Mouth Bacteria & Blood Pressure

Alvin H. Danenberg, DDS Nutritional Periodontist
June 5, 2017 [printfriendly]



Mouth Bacteria & Blood PressureNew research is revolutionizing the way physicians and dentists will appreciate the beneficial role of healthy mouth bacteria. There is a relationship between killing good bacteria in the mouth and increasing the risk of elevated blood pressure. Medical and dental professions should help educate their patients to the dangers of killing good bacteria in the mouth.


Good Mouth Bacteria

I wrote an article in 2016 about the balance of bacteria in the mouth. In early 2017, I posted a blog titled, Want Healthy Gums? In this article I explained the importance about good mouth bacteria and a critical biological process where these bacteria help create necessary nitric oxide for the body. New medical research is proving there are harmful consequences to our blood pressure and heart health if these healthy mouth bacteria are destroyed indiscriminately.


“Nitrate to Nitrite to Nitric-Oxide” Pathway

Specific and naturally occurring anaerobic bacteria on the top surface of your tongue play a necessary role in overall health. These bacteria eventually initiate the development of a large percentage of nitric oxide throughout the body.


Here’s how it happens:


After you eat leafy greens that contain natural nitrates, your body absorbs these nitrates through your upper GI tract. About 25% of these nitrates are concentrated into your saliva. The normal anaerobic bacteria on your tongue change the nitrates in the saliva into nitrites. Then, you swallow the nitrites. Nitrites then move throughout your body and are further changed into nitric oxide (NO). Nitric oxide is critical for overall health.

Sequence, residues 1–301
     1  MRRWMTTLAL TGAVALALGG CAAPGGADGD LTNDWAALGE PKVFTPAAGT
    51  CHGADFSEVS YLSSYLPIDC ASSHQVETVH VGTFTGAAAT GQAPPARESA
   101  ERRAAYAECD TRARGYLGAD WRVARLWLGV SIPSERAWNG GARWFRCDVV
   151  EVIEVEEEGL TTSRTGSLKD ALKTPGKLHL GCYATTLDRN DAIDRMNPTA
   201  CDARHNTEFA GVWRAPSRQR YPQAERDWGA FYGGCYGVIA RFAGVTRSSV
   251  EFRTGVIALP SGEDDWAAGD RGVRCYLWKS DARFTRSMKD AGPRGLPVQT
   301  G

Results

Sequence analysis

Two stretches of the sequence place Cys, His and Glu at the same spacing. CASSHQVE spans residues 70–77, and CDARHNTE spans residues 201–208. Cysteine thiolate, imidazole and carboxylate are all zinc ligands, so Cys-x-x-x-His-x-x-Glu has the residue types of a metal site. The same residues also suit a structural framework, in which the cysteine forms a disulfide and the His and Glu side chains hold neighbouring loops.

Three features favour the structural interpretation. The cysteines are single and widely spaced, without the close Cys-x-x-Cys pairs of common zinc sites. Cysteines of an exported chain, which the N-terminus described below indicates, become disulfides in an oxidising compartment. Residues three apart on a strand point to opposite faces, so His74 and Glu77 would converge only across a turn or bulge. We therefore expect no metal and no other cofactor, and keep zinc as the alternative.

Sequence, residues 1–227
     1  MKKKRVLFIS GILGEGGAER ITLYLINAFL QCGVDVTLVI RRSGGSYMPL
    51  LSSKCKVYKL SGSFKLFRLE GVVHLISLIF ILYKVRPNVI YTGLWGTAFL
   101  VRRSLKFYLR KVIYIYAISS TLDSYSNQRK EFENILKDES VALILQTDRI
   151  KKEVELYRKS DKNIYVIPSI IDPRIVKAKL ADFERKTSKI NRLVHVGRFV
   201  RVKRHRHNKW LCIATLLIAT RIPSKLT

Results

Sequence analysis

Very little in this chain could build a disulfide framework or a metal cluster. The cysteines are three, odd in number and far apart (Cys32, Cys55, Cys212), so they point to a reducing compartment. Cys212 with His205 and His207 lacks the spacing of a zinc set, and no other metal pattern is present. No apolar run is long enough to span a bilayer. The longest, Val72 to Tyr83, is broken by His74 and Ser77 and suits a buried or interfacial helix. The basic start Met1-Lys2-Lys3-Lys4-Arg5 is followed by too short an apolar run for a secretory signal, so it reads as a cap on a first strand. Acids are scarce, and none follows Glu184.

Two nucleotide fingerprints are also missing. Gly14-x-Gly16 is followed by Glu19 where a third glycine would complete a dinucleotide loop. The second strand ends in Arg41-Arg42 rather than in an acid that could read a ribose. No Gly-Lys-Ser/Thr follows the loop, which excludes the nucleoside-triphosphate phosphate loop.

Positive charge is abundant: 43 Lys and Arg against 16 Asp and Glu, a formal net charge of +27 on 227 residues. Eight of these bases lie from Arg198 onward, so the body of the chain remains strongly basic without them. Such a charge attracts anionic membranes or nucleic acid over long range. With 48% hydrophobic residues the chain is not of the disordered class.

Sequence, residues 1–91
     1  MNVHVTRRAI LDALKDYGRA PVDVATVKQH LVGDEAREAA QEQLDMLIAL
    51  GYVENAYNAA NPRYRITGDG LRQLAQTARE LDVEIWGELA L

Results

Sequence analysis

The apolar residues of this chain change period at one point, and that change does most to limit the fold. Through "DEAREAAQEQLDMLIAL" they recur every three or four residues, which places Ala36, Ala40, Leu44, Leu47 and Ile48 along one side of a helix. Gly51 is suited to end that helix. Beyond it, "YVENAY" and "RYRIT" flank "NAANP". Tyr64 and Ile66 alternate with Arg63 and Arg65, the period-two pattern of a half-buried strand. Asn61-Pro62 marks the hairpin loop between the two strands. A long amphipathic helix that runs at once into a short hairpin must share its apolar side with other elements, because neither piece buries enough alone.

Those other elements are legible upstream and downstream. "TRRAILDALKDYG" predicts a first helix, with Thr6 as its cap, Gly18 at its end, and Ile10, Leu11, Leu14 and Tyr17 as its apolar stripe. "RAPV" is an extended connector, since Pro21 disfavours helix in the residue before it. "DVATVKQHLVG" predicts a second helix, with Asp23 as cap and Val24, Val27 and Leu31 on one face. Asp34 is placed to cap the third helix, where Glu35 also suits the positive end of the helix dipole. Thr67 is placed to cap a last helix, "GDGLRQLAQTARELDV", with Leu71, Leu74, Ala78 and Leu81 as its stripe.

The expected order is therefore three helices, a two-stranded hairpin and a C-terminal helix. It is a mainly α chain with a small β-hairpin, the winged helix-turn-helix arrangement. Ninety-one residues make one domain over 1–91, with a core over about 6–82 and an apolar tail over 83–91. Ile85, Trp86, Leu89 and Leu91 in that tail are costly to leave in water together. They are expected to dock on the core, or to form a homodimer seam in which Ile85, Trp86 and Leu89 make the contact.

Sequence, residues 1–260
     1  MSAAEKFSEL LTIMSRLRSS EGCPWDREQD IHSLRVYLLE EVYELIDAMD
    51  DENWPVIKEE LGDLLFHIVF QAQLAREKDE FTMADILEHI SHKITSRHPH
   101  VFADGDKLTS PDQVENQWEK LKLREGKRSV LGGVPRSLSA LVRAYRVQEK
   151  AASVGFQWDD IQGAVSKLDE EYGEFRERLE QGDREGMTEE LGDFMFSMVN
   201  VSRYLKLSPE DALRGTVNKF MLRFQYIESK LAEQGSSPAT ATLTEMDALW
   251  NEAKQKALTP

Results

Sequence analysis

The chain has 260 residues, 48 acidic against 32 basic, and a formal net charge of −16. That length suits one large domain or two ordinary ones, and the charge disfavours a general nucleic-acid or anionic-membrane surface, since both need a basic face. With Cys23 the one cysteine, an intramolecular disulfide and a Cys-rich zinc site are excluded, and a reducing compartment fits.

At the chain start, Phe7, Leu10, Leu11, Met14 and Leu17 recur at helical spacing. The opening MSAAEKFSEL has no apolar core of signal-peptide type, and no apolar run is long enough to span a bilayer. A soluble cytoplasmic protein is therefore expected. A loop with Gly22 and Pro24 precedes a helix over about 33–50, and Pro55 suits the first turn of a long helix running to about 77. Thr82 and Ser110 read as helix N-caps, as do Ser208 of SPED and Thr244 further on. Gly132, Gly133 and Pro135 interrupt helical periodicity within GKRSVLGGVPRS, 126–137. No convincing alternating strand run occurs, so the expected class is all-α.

Some of the functions of nitric oxide are to reduce blood pressure, reduce the risk of cardiovascular disease, improve athletic performance, and improve gum health.


Review of Blood Pressure Research

In 2017, Nathan S. Bryan and coauthors reviewed the current research describing the importance of oral bacteria on the nitrate/nitrite/nitric-oxide pathway. The authors concluded,


With the loss of NO signaling and homeostasis being one of the earliest events in the onset and progression of cardiovascular disease, targeting microbial communities early in the process may lead to better preventative interventions in cardiovascular medicine.


The authors further stated at the end of their article:


  • Disruption of nitrite and NO production in the oral cavity may contribute to the oral-systemic link between oral hygiene and cardiovascular risk and disease.
  • It may be time to discourage the use of antiseptic mouthwash.
  • Therapeutically, then, perhaps an effective strategy to promote NO production and overcome conditions of NO insufficiency may “be targeted to” specific oral nitrate-reducing bacterial communities and increasing the consumption of nitrite and nitrate enriched foods and vegetables.
  • Because NO signaling affects all organ systems and almost all disease processes described to date, this novel approach to NO regulation has the potential to affect the study and treatment of many diseases across all organ systems.


Take Away Points

  • Don’t use antimicrobial mouthwashes on a regular basis.
  • Eat organic leafy greens daily that are high in naturally occurring nitrates (examples: Arugula, Spinach, Butter Leaf and Oak Leaf Lettuces, Swish Chard, and Beet Greens).



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